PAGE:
While Coke pushes sugary drinks in US, it bets on Zero Sugar in UK

Shortly after the United Kingdom finance minister announced a plan to introduce a tax on sugary drinks, headlines in Great Britain declared, “Coke bets on Zero Sugar.”

The new soda ads were described as the "biggest marketing investment in a decade.” As the general manager for Coca-Cola Great Britain explained, “We know a growing number of people want to reduce their sugar intake.”  He also knows that number will grow much higher when the UK’s tax on sugary drinks becomes effective in 2018. 

Meanwhile in the United States, Coca-Cola continues to heavily promote the high-sugar versions of its drinks. 


It used the Fourth of July as yet another opportunity to push those sugary drinks on communities hit hardest by regressive diseases like diabetes.  Instead of waiting any longer for our federal government to act, more cities are following the lead of Philadelphia and Berkeley to recoup a small share of soda profits to fund important community priorities.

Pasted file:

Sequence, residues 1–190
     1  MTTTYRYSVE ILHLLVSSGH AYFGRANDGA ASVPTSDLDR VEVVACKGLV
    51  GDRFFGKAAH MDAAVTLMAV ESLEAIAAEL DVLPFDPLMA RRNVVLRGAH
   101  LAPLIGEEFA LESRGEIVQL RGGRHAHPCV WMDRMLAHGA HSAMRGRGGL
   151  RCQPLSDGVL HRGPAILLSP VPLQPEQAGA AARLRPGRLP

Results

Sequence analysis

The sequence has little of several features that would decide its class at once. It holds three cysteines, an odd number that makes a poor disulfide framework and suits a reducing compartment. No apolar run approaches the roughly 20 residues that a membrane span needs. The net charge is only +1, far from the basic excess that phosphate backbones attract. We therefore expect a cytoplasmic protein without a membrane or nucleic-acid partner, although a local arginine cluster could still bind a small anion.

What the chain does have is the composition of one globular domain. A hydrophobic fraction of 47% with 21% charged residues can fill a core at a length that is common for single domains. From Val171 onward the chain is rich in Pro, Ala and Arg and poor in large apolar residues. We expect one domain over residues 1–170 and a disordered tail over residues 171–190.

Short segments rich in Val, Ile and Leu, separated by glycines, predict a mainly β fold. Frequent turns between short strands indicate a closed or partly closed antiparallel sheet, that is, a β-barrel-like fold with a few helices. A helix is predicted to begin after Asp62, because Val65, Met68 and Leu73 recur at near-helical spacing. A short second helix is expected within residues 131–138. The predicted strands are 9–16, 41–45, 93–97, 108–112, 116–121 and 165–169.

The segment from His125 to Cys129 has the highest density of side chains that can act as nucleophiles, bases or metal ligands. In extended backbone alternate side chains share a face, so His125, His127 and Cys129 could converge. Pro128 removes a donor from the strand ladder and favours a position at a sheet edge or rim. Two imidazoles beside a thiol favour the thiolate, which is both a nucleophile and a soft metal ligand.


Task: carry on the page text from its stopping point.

Coca-Cola’s ads from the UK and the US both use beautiful women to push soda on impressionable youth, but the US version comes with more than the Daily Value for added sugars. As reporter Roberto Ferdman wrote in the Washington Post:

“It's little wonder that per capita sugar consumption in the United States is something of a global anomaly — the average American consumes more than 126 grams of sugar per day, which is slightly more than three 12-ounce cans of Coca-Cola and more than twice the average sugar intake of 54 countries observed by Euromonitor, including Canada and Britain.”

The Coca-Cola label in the US ad touts “You’re the spark” but what it actually fires up is an epidemic of diabetes


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